The day Missouri’s casinos reopened, customers were greeted with the familiar sights and sounds of slot machines that had gone dark for more than two months.
But across town, another type of gambling continued much as it had since the coronavirus shutdown. A customer sat at the back of a gas station and peered into the video terminal of an electronic gaming device, one that’s often referred to as a “prereveal” or “no chance” game. These look and sound like a regular slot machine, but they manage to skirt the gray area of what kind of gambling is authorized in Missouri.
In St. Joseph, Tom Cobb can only shake his head as these unlicensed devices proliferate.
“Now we’ve got these things running rampant all across the state of Missouri,” he said. “In the meantime, the state of Missouri is losing money. In St. Louis they are setting up these things as fast as they can.”
In St. Joseph, too. The unregulated machines were found in at least two convenience stores on the South Belt Highway.
Cobb, owner and president of ACME Music & Vending in St. Joseph, said it’s common for his employees to report seeing these electronic devices when stopping in some gas stations to get snacks. There are an estimated 14,000 of the devices statewide, tucked into convenience stores, truck stops and fraternal organizations.
It creates another problem for Cobb’s business, which already faces the headwinds of an economic downturn. His company, a supplier of pool, darts, pinball and other legal games, finds itself losing market share to these rogue machines.
“It’s very, very depressing to try to run a legitimate business,” he said. “There are only so many discretionary dollars to go around.”
It’s a problem that isn’t isolated to Cobb’s business.
Missouri’s casinos and the state lottery both lose out. State lottery officials, in testimony in Jefferson City, estimate that unlicensed gambling siphoned off about $50 million.
That’s money that Missouri isn’t able to tax at a time when schools face painful cuts in state aid. With unlicensed machines, most of the profits go to the device maker and the gas station that houses it.
Adding insult to injury, some of these rogue machines didn’t face the same 10-week coronavirus shutdown as Missouri’s 13 riverboat casinos. Missouri lost an estimated $1 million a day in casino tax revenue during the shutdown.
“Unlike casinos, illegal slot machines do not generate taxes to fund public education or other state programs,” Mike Winter, executive director of the Missouri Gaming Association, said in a statement on the trade group’s website. “We support legislation to eliminate illegal slot machines all together.”
The degree that these devices operate outside the law is a matter of debate. An executive director of the Missouri Gaming Commission, the regulatory authority for Missouri’s casinos, said they violate the law. But the commission may lack statutory authority to enforce that opinion. Device makers, including one whose lobbyist maintains close ties to Missouri Gov. Mike Parson, point to ambiguities and workarounds that allow the machines to operate.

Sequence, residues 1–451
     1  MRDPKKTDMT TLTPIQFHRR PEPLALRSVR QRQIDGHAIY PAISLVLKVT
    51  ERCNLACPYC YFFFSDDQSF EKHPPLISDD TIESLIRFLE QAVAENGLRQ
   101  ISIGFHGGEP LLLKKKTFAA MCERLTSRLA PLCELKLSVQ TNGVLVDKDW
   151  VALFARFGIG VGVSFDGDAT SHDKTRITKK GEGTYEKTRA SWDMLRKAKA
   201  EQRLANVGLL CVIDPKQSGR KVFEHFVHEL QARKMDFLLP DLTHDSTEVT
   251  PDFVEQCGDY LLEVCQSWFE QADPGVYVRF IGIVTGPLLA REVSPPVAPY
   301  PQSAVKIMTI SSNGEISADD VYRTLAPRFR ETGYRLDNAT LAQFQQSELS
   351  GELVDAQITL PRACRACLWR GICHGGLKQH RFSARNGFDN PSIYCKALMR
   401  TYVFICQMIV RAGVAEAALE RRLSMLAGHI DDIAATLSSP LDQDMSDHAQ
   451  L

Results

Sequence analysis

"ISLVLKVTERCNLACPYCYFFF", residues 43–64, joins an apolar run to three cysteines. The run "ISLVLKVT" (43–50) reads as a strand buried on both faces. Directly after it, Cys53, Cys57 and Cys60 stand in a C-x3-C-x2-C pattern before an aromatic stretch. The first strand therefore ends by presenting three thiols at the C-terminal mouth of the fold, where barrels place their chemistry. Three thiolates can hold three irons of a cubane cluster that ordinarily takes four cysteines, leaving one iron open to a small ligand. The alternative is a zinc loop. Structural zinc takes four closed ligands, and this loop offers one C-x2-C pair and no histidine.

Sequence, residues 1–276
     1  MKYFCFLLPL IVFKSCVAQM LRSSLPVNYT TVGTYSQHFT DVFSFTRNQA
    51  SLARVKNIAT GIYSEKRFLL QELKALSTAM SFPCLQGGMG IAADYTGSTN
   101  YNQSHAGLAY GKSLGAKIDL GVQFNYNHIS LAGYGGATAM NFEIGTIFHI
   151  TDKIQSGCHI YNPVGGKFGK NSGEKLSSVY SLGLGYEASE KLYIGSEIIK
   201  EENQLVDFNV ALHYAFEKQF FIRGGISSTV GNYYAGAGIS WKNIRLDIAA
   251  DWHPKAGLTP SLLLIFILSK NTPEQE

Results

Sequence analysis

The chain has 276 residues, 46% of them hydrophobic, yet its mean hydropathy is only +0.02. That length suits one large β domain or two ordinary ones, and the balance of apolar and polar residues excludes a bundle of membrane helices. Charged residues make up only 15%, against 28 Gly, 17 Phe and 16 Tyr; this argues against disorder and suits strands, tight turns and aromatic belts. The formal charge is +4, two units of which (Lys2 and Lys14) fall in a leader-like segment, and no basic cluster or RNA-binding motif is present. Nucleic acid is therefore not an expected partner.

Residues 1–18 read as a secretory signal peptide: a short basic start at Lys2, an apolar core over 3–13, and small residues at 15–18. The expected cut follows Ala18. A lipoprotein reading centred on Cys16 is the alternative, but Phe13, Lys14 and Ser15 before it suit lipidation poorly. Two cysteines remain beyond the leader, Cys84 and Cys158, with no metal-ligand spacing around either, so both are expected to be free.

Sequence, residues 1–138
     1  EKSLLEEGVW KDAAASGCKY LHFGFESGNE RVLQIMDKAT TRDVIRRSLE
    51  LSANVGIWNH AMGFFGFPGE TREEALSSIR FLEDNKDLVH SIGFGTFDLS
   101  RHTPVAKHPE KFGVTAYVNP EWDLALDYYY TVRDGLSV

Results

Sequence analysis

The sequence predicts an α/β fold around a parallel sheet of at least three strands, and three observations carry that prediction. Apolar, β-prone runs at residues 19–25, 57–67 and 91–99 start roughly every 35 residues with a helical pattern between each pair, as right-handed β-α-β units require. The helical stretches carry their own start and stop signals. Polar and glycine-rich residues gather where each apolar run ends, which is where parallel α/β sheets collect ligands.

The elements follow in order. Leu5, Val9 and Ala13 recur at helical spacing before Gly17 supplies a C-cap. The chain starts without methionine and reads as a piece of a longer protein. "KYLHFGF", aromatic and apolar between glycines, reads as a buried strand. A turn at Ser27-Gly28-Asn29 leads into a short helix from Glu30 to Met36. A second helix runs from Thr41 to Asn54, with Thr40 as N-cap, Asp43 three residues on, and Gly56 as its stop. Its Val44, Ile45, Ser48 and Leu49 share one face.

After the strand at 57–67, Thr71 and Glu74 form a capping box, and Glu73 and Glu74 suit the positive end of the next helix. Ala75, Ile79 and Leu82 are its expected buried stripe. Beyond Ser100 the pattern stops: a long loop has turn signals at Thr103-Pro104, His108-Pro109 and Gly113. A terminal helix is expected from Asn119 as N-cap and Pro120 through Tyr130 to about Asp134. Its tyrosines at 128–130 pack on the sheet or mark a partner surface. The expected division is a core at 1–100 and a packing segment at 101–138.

The Gaming Commission is closely watching a court case involving the operator of a video poker machine in Platte County.
“I think the commission is looking toward that outcome to see what the final disposition will be if the courts rule these are illegal,” said Gaming Commission member Pat Conway of St. Joseph. “I think the commission’s opinion is to try to get further regulations.”
Conway guesses that a resolution could be folded into the broader question of whether casino gambling is limited to the two major rivers and where sports wagering will be allowed, once the legislature decides on that issue.
“So you’ve got the illegals, you’ve got sports wagering and you’ve got the casinos trying to operate,” Conway said. “It’s been a pretty complex last 90 days for the gaming industry in Missouri.”
This year, Missouri lawmakers debated competing proposals for unlicensed slot machines, one that would open the door to legalization and another that sought to make them illegal, plain and simple. The bill to ban the devices passed in the Senate but couldn’t make it out of a conference committee.
For Cobb, it was a depressing end to the legislative session. He’s hoping the issue can come up in a special session.
“I don’t know why when the lottery asks to expand, they scream about gambling being expanded. But they turn a blind eye to these illegal games all across the state,” he said.